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Different people experience the new birth differently. I don't recall any emotion except relief that my sins were forgiven. Over time there were changes in my life such as an increased interest in studying the Bible and serving God, and the ability to better understand what the Bible says. The changes were gradual and I never had any kind of intense emotional experience such as many other people have had.

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Hi Isidore, we are born dead (spiritually) in our trespasses and sins .. e.g Psalm 51:5; Ephesians 2:1-3. When were are "born again" .. John 3:3, God regenerates us, giving us a new heart (of flesh) and a new Spirit .. Ezekiel 36:26, and we are "made alive" spiritually in Christ .. Ephesians 2:4-5. By causing us to be "born again", God makes it possible for us to come to faith/believe and be saved.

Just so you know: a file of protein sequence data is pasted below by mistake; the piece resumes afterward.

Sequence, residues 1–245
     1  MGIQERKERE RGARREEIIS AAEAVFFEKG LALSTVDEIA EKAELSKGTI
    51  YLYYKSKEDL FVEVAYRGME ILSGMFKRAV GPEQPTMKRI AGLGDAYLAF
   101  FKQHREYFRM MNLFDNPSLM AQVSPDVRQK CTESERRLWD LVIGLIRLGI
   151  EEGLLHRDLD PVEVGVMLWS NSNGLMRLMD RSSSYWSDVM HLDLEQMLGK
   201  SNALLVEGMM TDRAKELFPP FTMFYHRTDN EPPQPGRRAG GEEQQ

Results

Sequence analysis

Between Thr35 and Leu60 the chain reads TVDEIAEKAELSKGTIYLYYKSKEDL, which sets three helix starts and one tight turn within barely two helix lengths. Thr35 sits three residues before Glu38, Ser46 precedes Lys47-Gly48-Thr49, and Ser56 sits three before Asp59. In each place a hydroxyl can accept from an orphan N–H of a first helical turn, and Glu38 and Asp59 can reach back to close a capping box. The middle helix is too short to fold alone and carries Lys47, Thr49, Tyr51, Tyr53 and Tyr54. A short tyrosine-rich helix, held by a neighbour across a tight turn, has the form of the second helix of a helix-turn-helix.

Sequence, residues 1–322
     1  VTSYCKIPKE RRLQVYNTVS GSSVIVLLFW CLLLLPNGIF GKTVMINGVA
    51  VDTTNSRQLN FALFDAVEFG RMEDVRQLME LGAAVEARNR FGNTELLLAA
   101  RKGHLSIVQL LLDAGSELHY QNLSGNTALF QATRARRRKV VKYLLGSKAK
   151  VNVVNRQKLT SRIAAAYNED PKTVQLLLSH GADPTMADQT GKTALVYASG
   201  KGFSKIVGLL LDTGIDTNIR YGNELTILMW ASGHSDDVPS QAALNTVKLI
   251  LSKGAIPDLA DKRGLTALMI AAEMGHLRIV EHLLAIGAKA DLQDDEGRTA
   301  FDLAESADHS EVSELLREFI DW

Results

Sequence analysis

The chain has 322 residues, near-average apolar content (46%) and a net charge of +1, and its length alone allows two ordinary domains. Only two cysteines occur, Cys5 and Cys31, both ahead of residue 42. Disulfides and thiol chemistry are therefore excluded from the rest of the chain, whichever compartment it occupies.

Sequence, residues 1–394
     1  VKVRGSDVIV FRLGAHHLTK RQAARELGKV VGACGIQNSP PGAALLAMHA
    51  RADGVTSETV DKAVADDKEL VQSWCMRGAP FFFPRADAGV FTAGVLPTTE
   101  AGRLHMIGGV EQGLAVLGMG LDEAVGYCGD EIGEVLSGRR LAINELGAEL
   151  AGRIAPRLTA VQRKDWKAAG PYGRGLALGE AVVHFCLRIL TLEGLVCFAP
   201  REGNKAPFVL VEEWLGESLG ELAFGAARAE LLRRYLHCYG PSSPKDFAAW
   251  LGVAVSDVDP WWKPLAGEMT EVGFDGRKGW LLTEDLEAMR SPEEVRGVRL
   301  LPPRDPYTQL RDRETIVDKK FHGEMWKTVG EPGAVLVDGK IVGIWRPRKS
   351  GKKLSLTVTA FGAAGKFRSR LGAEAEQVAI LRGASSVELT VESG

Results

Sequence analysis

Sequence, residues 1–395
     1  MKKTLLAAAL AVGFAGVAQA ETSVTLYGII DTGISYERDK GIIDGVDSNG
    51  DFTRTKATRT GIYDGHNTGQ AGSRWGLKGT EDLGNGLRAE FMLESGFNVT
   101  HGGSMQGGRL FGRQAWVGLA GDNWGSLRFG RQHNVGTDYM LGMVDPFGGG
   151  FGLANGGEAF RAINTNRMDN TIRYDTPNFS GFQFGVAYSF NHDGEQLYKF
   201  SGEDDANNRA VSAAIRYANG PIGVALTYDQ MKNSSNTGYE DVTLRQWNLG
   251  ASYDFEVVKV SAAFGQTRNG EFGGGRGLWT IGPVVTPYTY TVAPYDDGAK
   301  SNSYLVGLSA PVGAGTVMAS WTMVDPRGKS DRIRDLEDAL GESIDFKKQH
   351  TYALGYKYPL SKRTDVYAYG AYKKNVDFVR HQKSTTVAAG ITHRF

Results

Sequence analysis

Hope that helps! There's much more to it, of course, so if you have additional questions, please don't hesitate to ask :)

 

Yours in Christ,

David

1541081981_fetchid31003ampd1483779289.jpg.c2e353337568bf48274b1be288fff2a5.jpg

 

Edited by David Lee
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1 Peter 1:23- For you have been born again not of seed which is perishable but imperishable, that is, through the living and enduring word of God.

 

2 Corinthians 5:17- Therefore, if anyone is in Christ, he is a new creation. The old has passed away; behold, the new has come. 😇